The mainstream media’s big story of the day is Toyota’s “sticky pedal” strategy in the courtrooms across the land. And it has little or nothing to do with actual gas pedals, and everything to do with stalling in producing the court ordered company documents that could show known deficiencies in product design and safety. AP analyzed lawsuits covering a range of complaints, and in response to requests for company documents, Toyota has consistently claimed it does not have them, or simply ignored court orders to produce the documents. The pattern being uncovered supports the claims made by Dimitros Biller, a former Toyota attorney who sued (and settled) with Toyota after contending that the company deliberately withheld evidence in older rollover cases.
A typical and fairly recent example from 2005:
In a Colorado product liability lawsuit filed by a man whose young daughter was killed in a 4Runner rollover crash, Toyota withheld documents about internal roof strength tests despite a federal judge’s order that such information be produced, according to court records. The attorneys for Jon Kurylowicz now say such documents might have changed the outcome of the case, which ended in a 2005 jury verdict for Toyota. “Mr. Kurylowicz went to trial without having been given all the relevant evidence and all the evidence the court ordered Toyota to produce,” attorney Stuart Ollanik wrote in a new federal lawsuit accusing Toyota of fraud in the earlier case. “The Kurylowicz trial was not a fair trial.”
It’s not that the other automotive manufacturers all roll over in court exactly, but Toyota’s reputation among the legal profession is solidly established. “Automobile manufacturers, in my practice, have been the toughest to deal with when it comes to sharing information, but Toyota has no peer,” said attorney Ernest Cannon, who represented the family of 35-year-old Lisa Evans, who died in 2002 in the Houston suburb of Sugar Land.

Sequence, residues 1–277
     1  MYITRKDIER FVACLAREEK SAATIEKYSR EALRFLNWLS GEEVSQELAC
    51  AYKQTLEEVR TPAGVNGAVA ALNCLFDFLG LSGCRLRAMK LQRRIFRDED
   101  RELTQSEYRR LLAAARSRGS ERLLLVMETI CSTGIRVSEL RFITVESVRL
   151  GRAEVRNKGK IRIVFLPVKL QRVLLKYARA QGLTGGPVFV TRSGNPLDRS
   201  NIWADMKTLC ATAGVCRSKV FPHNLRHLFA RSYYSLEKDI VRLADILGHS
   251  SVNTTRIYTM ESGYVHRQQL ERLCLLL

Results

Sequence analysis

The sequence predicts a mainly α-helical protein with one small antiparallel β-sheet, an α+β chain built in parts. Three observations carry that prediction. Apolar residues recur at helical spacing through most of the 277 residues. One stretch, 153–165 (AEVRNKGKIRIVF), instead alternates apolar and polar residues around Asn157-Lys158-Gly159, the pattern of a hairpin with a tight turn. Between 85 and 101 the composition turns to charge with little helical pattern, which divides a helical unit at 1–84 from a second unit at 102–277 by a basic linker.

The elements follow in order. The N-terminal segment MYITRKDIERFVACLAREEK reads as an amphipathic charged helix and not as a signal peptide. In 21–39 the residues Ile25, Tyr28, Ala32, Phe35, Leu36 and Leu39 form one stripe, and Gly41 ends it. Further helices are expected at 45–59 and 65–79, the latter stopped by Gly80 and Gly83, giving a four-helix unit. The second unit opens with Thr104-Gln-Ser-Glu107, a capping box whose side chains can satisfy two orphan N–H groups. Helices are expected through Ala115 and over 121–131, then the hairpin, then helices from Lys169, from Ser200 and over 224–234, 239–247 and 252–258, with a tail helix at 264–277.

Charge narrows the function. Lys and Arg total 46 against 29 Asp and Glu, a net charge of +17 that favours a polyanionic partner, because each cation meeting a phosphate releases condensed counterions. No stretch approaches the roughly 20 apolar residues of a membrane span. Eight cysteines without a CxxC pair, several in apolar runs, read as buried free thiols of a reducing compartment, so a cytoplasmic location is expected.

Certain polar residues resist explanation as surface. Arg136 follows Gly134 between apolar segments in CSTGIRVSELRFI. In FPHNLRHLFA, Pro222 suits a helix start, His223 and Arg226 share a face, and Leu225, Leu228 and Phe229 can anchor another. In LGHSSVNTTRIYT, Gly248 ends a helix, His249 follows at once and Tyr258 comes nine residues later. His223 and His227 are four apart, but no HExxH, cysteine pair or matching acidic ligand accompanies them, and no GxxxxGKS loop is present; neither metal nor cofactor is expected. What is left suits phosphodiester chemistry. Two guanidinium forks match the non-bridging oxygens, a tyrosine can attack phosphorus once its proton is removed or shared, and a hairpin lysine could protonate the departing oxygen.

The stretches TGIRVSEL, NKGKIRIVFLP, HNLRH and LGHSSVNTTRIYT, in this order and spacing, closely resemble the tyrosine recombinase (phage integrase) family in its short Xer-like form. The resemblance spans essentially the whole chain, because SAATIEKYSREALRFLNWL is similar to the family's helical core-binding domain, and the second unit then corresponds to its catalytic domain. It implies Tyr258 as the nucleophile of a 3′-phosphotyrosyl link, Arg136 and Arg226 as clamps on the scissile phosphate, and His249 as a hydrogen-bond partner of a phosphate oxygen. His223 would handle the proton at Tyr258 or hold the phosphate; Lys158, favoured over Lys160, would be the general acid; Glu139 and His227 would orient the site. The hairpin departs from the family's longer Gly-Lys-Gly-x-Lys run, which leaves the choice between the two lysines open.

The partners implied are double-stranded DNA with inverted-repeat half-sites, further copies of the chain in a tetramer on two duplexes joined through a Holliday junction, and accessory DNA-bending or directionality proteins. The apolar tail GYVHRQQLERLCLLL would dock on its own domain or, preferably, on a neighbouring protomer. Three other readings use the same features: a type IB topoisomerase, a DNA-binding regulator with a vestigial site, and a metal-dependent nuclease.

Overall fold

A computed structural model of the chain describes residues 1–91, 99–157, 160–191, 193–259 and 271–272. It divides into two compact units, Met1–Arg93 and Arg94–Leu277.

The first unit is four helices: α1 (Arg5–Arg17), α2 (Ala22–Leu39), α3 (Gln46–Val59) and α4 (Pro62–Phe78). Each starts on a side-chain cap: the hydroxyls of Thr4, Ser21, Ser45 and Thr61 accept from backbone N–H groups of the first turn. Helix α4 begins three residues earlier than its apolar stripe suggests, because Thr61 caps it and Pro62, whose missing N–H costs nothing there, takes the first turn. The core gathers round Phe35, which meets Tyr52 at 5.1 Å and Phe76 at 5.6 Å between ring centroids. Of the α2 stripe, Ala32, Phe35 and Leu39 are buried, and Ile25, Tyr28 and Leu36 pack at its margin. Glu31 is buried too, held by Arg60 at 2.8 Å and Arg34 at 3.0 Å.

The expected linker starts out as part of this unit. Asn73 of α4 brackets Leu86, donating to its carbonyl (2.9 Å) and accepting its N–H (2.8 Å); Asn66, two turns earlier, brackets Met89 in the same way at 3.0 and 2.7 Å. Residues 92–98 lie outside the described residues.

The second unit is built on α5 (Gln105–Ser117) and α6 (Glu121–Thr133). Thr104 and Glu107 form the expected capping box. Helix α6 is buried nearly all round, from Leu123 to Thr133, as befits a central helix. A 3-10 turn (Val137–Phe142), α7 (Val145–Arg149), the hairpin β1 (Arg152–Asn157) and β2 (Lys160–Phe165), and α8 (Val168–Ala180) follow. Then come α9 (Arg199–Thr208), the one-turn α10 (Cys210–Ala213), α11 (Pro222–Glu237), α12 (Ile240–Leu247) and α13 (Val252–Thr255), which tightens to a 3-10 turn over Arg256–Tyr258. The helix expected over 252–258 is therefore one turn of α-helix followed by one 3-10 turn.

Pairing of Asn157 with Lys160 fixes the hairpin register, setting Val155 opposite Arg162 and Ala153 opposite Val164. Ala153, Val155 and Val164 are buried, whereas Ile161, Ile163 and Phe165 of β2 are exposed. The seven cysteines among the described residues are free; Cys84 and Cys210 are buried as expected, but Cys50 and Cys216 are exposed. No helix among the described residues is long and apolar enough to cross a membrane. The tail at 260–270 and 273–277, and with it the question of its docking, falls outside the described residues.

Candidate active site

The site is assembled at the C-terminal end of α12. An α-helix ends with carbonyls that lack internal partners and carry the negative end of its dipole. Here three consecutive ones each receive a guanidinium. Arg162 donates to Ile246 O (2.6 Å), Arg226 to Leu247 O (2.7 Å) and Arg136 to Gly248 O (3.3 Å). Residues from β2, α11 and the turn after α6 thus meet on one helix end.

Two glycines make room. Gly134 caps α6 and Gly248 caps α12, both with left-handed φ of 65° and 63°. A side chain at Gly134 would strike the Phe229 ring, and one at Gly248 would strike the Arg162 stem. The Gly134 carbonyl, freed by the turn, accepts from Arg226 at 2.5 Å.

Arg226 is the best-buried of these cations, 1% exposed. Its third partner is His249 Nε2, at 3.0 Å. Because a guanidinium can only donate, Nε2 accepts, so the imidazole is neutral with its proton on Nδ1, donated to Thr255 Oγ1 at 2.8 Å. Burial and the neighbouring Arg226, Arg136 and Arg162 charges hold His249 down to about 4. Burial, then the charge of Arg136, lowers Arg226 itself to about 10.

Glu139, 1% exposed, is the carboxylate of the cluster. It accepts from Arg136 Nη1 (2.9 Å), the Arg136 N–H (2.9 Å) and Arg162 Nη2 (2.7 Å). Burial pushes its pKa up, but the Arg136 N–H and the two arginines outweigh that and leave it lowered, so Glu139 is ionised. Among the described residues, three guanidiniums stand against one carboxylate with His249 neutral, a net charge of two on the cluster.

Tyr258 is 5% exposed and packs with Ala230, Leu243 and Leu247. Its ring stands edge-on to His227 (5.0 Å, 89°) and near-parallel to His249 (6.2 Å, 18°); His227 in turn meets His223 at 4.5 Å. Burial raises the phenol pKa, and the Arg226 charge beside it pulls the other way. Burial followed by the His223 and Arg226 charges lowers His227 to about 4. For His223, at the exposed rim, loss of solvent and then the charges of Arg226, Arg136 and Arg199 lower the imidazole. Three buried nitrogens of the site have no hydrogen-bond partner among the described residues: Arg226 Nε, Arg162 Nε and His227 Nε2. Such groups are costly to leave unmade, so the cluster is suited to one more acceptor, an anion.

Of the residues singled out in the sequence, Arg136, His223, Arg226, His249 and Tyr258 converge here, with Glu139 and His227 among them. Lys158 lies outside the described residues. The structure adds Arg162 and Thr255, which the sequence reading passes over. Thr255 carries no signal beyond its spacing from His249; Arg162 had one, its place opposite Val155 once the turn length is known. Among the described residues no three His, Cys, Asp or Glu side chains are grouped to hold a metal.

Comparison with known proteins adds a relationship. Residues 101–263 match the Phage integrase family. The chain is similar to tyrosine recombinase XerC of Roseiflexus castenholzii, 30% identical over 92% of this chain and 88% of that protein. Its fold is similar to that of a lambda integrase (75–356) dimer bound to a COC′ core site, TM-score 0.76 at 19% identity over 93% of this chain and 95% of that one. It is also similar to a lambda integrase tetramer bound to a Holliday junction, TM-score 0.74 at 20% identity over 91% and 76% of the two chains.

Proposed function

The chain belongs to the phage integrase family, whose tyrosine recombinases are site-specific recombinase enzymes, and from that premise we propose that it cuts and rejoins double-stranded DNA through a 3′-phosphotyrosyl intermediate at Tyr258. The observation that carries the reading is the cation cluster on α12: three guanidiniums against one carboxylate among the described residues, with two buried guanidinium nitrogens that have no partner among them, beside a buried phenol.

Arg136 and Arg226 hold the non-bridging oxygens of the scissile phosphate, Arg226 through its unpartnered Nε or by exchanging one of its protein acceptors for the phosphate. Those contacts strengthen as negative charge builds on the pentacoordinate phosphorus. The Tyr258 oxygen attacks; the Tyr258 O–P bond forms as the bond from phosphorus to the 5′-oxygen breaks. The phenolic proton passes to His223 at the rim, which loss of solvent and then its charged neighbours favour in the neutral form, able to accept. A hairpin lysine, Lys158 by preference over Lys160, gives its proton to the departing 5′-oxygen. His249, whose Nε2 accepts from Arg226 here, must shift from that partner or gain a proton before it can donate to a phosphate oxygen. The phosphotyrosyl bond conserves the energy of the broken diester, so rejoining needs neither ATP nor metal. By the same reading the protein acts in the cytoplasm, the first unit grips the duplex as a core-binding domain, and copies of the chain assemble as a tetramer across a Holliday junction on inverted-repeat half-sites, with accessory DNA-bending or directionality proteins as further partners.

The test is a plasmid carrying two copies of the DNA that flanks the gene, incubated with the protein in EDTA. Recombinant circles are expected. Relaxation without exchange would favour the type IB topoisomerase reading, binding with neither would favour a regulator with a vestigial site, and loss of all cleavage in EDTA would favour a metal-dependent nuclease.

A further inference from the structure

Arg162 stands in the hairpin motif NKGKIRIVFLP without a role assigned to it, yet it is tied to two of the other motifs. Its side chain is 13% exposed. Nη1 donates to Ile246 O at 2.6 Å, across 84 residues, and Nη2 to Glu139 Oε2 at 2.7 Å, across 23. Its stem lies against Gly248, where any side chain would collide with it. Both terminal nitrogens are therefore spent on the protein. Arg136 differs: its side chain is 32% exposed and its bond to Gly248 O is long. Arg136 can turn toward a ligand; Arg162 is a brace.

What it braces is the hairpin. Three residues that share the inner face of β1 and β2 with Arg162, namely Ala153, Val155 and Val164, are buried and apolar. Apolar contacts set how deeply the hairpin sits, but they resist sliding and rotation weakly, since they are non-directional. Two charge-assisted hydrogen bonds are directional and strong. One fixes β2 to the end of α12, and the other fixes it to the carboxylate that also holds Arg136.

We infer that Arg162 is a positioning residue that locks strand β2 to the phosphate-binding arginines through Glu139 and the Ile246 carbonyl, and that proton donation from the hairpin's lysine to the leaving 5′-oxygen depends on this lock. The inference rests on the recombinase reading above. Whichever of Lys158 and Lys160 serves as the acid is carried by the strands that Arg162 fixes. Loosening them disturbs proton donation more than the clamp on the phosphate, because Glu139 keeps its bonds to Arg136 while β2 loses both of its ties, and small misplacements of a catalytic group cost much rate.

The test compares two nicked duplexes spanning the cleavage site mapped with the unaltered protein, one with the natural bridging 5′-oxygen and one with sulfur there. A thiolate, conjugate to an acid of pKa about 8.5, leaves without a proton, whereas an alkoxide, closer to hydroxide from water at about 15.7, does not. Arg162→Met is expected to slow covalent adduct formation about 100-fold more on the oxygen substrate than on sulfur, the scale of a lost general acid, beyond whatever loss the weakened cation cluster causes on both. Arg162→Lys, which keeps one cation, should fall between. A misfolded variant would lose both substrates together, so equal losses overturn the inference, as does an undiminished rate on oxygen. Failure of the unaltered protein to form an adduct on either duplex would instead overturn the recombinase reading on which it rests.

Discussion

AP’s review of cases turns up numerous and repeated actions by Toyota that can best be described as evasive, and deceptive. Objecting to turning over documents is one thing; but claiming that the documents don’t exist is another.
Toyota hid the existence of its roof strength tests in numerous cases. A new potential class-action lawsuit filed in California on behalf of two women left paralyzed by separate Toyota rollover crashes contends that recently uncovered company documents contradict sworn testimony by Toyota officials that the company had no written standard for how far vehicle roofs could be crushed. The long-hidden documents indicate Toyota did have such a standard: roofs could come no closer than a half-millimeter from test dummies’ heads in a rollover crash.
“This type of conduct by the Toyota defendants is illegal, immoral and unprofessional,” said attorney E. Todd Tracy in a similar recent lawsuit accusing Toyota of fraud in older cases. “The Toyota defendants’ cloak and dagger games must be terminated.”
One of the key advantages Toyota uses is the Pacific Ocean: company headquarters in Japan are distant, remote and not readily accessible through legal actions:
Said Graham Esdale, a lawyer in Montgomery, Ala., who has sued Toyota. “If Ford or General Motors tells you something and you don’t believe that it’s right, you can get a court order to go get access to the documents instead of relying on them. We can just go there and start poring through documents. We don’t have that with the Japanese manufacturers.”